Abdullah withdraws from Afghan presidential race

Hamid Karzai's rigged, botched reelection leaves the U.S. with no legitimate partner

Published November 2, 2009 3:03PM (EST)

Afghan presidential candidate Abdullah Abdullah speaks with his supporters in Kabul Nov. 1.
Afghan presidential candidate Abdullah Abdullah speaks with his supporters in Kabul Nov. 1.

Abdullah Abdullah announced Sunday morning that he has withdrawn from the second round of Afghanistan's presidential election on the grounds that the same local officials, appointed by his rival, incumbent Hamid Karzai, will supervise the runoff as winked at massive fraud in the first round. He said that the election cannot be transparent or honest.

Secretary of State Hillary Clinton implausibly maintained that Abdullah's withdrawal will not affect the legitimacy of the Afghanistan presidential election.

Since President Obama had put off making a decision on his Afghanistan policy until he saw the results of the planned November 7 runoff, Abdullah's decision puts Washington in an awkward position. Abdullah is said to be seeking to postpone the runoff until spring, 2010, which would much extend the period of instability. In contrast, Clinton seems to be crowning Karzai the winner by virtue of Abdullah's withdrawal. But the Karzai presidency has been badly if not unalterably wounded by the ballot fraud practiced in August, and of which the retention of the same electoral commission would guarantee a repetition.

And here is what I take away from all this. The debate in Washington has been over a counter-insurgency campaign versus a limited counter-terrorism campaign. Counter-insurgency implies a certain amount of state-building. Counter-terrorism implies that state-building is impossible or very, very difficult. Clinton backs counter-insurgency, while Vice President Joe Biden supports counter-terrorism.

The reason Clinton is so eager to insist that Karzai's election is legitimate despite its obvious illegitimacy is that Abdullah's withdrawal puts paid to the idea that there is a plausible Afghan government partner for US counter-insurgency. There is not.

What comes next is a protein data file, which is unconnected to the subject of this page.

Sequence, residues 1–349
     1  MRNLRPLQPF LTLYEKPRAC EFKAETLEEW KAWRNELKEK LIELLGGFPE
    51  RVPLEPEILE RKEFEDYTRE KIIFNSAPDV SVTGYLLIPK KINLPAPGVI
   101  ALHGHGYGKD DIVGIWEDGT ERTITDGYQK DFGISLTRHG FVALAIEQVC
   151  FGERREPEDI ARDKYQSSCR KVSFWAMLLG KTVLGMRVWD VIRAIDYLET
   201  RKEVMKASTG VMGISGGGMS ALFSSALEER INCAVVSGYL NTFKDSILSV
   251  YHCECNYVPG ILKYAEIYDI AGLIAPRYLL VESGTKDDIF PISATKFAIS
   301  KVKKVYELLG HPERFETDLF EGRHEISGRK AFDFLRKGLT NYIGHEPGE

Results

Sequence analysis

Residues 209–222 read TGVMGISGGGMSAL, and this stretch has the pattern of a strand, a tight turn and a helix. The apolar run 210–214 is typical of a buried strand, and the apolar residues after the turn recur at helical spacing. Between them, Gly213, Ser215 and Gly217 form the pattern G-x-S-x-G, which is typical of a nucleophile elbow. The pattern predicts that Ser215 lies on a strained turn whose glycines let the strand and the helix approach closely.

Biden may or may not win the argument in Washington. But there is now no doubt that he should win that argument. Sending another 40,000 troops into Afghanistan to shore up a Karzai government that tried to steal the election and demonstrated so little accountability that the officials who winked at the fraud are still on the electoral commission-- that is an absurd proposition.

Al-Jazeera English has video:

Eric Garris points out that Afghan woman Member of Parliament Malalai Joya was interrupted on the US CNN when she referred to the US presence in Afghanistan as an occupation, but when she went on CNN International she was treated respectfully and allowed to speak. Actually, that the US and NATO are militarily occupying Afghanistan is recognized by the UN security council and is a simple fact of international law.

By Juan Cole

Juan Cole is collegiate professor of history at the University of Michigan. He runs a news and commentary webzine on U.S. foreign policy and progressive politics, Informed Comment. His new book, Muhammad: Prophet of Peace Amid the Clash of Empires (Nation Books), has just been published.


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